Page 120
Hear the tolling of the bells-- Iron bells! What a world of solemn thought their monody compels! In the silence of the night, How we shiver with affright At the melancholy meaning of their tone! For every sound that floats From the rust within their throats .
Page 125
" Thus I pacified Psyche and kissed her, And tempted her out of her gloom-- And conquered her scruples and gloom; And we passed to the end of the vista-- But were stopped by the door of a tomb-- By the door of a legended tomb:-- And I said--"What is written, sweet sister, On the door of this legended tomb?" She replied--"Ulalume--Ulalume-- 'T is the vault of thy lost Ulalume!" Then my heart it grew ashen and sober As the leaves that were crisped and sere-- As the leaves that were withering and sere-- And I cried--"It was surely October On _this_ very night of last year, That I journeyed--I journeyed down here!-- That I brought a dread burden down here-- On this night, of all nights in the year, Ah, what demon has tempted me here? .
Page 136
me sigh for sigh, And all day long Shines, bright and strong, Astarte within the sky, While ever to her dear Eulalie upturns her matron eye-- While ever to her young Eulalie upturns her violet eye.
Page 152
By a route obscure and lonely, Haunted by ill angels only, .
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love, Knowing what I know, and seeing what I have seen.
Page 168
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Who livest--_that_ we know-- In Eternity--we feel-- But the shadow of whose brow What spirit shall reveal? Tho' the beings whom thy Nesace, Thy messenger hath known Have dream'd for thy Infinity *A model of their own-- Thy will is done, Oh, God! The star hath ridden high Thro' many a tempest, but she rode Beneath thy burning eye; And here, in thought, to thee-- In thought that can alone Ascend thy empire and so be A partner of thy throne-- * The Humanitarians held that God was to be understood as having a really human form.
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** Sightless--too small to be seen--_Legge_.
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From the wild energy of wanton haste Her cheeks were flushing, and her lips apart; And zone that clung around her gentle waist Had burst beneath the heaving of her heart.
Page 203
Young Love's first lesson is--the heart: .
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all beside Of glory which the world hath known Stands she not nobly and alone? Falling--her veriest stepping-stone Shall form the pedestal of a throne-- And who her sovereign? Timour--he Whom the astonished people saw Striding o'er empires haughtily A diadem'd outlaw-- O! human love! thou spirit given, On Earth, of all we hope in Heaven! Which fall'st into the soul like rain Upon the Siroc wither'd plain, And failing in thy power to bless But leav'st the heart a wilderness! Idea! which bindest life around With music of so strange a sound And beauty of so wild a birth-- Farewell! for I have won the Earth! When Hope, the eagle that tower'd, could see No cliff beyond him in the sky, His pinions were bent droopingly-- And homeward turn'd his soften'd eye.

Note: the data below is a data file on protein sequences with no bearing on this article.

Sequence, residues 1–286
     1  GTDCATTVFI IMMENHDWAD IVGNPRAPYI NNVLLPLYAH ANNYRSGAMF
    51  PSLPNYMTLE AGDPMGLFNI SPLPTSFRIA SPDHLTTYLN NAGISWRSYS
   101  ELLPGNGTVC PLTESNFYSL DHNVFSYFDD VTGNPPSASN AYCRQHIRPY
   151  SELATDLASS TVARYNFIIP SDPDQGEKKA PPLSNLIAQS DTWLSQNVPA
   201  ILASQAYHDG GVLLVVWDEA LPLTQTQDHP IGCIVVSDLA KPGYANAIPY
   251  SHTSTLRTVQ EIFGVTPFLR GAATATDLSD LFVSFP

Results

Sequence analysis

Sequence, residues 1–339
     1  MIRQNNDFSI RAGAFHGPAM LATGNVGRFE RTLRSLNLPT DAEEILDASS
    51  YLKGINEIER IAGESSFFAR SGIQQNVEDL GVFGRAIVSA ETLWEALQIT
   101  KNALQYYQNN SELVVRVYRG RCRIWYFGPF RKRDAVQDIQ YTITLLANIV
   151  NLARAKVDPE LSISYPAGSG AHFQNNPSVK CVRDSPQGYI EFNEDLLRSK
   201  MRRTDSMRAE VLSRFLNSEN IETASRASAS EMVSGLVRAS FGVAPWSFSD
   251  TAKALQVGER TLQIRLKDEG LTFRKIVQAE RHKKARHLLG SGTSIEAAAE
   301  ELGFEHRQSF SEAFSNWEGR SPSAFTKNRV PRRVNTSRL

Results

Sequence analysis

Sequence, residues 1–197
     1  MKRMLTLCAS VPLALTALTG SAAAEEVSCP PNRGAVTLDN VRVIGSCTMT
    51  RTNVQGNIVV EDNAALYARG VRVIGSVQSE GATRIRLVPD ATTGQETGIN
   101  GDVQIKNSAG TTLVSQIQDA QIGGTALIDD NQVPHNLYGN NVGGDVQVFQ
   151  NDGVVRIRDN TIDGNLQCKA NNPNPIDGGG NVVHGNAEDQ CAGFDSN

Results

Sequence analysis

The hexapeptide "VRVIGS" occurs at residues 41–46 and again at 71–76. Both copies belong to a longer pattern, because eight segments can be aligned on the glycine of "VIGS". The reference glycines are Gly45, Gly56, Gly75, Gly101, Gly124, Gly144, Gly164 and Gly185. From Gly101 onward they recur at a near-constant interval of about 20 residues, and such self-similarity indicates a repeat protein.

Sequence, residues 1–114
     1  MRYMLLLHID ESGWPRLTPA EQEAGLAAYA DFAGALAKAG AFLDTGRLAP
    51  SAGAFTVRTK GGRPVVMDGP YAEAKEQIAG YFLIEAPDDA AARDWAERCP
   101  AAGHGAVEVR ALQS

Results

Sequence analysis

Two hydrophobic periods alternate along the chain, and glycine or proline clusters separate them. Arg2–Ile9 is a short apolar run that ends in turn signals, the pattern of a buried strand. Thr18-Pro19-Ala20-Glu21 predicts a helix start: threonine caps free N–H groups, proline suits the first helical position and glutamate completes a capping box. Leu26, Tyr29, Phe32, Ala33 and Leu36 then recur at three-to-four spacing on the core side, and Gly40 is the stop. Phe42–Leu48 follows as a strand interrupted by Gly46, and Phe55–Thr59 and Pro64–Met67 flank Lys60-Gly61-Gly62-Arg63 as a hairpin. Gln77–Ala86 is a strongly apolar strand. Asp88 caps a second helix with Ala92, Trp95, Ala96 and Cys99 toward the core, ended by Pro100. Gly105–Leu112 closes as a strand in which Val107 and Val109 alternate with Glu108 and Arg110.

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Ah! what is not a dream by day To him whose eyes are cast On things around him with a ray Turned back upon the past? That holy dream--that holy dream, While all the world were chiding, Hath cheered me as a lovely beam A lonely spirit guiding.
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In the edition for 1831, however, this poem, its author's longest, was introduced by the following twenty-nine lines, which have been omitted in--all subsequent collections: AL AARAAF Mysterious star! Thou wert my dream All a long summer night-- Be now my theme! By this clear stream, Of thee will I write; Meantime from afar Bathe me in light I Thy world has not the dross of ours, Yet all the beauty-all the flowers That list our love or deck our bowers In dreamy gardens, where do lie Dreamy maidens all the day; While the silver winds of Circassy On violet couches faint away.
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IV Like music heard in dreams, Like strains of harps unknown, Of birds forever flown Audible as the voice of streams That murmur in some leafy dell, .